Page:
With the onset of summer and the occasional 40°C weather up here in Toronto, it’s about time I get a nice cold keg filled with a summertime favourite: a Belgian Witbier. There’s nothing like the refreshing taste of that orange infused bubbly goodness on a hot summer day.
Witbiers normally contain a large amount of unmalted wheat, either raw or flaked. When using such a large amount, it’s a good idea to give your mash a short protein rest around 122F to help loosen things up. I’ve just finished reading Randy Mosher’s book “Radical Brewing: Recipes, Tales and World-Altering Meditations in a Glass” in which he talks about “white beer” as being one of his favourite styles. He also talks about how it can be a difficult beer to brew well and offers some insight from his trials and errors. He suggests an American style “adjunct mash” (or a ‘double mash’ as it’s called in Dave Miller’s Homebrewing Guide) as the best way to get that real creamy, lubricious body that is a famous characteristic of good witbiers. After researching some historical brewing texts, he claims that this was similar to how some brewers would have made these greatly varied beers in the past in order to deal with the large amount of raw wheat in the grist.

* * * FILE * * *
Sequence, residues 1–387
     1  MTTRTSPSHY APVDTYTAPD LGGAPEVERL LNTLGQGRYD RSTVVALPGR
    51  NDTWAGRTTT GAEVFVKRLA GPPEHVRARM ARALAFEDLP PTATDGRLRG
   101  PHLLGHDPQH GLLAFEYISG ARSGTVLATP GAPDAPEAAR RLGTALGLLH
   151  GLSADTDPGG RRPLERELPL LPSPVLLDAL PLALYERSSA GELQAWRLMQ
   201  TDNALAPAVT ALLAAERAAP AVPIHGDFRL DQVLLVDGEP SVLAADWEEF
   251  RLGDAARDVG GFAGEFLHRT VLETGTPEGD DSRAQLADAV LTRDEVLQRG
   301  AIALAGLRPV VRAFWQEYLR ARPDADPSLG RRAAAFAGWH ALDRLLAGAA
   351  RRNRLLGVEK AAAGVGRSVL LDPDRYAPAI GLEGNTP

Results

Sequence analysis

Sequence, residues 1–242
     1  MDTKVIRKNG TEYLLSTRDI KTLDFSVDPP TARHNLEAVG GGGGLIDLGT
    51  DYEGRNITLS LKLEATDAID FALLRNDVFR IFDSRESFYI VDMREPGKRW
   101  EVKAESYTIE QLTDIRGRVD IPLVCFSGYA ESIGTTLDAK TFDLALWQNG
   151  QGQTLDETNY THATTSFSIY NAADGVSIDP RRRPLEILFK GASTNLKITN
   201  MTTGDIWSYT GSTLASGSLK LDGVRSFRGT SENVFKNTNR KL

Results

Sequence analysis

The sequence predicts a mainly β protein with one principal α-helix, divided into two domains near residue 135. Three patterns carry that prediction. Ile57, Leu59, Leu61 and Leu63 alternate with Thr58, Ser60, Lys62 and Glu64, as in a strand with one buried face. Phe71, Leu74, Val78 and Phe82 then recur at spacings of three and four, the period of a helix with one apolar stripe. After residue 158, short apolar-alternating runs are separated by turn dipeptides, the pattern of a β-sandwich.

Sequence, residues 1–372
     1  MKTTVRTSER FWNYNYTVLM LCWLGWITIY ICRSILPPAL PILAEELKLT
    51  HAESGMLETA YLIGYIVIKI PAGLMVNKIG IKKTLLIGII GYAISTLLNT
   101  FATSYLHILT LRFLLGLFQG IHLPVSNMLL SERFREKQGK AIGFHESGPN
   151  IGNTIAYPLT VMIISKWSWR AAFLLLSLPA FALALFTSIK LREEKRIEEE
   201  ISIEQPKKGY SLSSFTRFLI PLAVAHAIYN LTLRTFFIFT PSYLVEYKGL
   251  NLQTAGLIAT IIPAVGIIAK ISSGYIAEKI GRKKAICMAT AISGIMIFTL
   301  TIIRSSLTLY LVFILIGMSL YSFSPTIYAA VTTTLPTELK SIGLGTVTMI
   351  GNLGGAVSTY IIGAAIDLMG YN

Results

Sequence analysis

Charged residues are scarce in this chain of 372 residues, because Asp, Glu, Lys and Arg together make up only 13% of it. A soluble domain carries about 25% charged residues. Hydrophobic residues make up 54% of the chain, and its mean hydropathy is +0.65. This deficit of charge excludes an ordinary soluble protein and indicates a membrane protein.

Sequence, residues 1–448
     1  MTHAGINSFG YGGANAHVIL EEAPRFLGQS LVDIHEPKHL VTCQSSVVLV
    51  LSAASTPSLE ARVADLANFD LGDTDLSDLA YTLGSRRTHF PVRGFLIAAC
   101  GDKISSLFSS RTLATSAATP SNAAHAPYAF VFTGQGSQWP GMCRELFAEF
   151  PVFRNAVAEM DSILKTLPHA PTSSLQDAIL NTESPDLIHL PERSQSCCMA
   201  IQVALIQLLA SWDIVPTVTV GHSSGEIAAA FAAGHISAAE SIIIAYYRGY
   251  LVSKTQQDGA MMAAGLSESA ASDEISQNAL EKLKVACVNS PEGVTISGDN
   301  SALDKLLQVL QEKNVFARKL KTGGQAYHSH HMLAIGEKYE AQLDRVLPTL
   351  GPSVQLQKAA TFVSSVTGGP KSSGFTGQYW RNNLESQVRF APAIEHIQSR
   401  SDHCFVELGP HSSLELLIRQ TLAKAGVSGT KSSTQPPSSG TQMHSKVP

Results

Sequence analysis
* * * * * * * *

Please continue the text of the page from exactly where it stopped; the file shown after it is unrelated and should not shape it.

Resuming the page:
The recipe I chose uses the following grains: Continue reading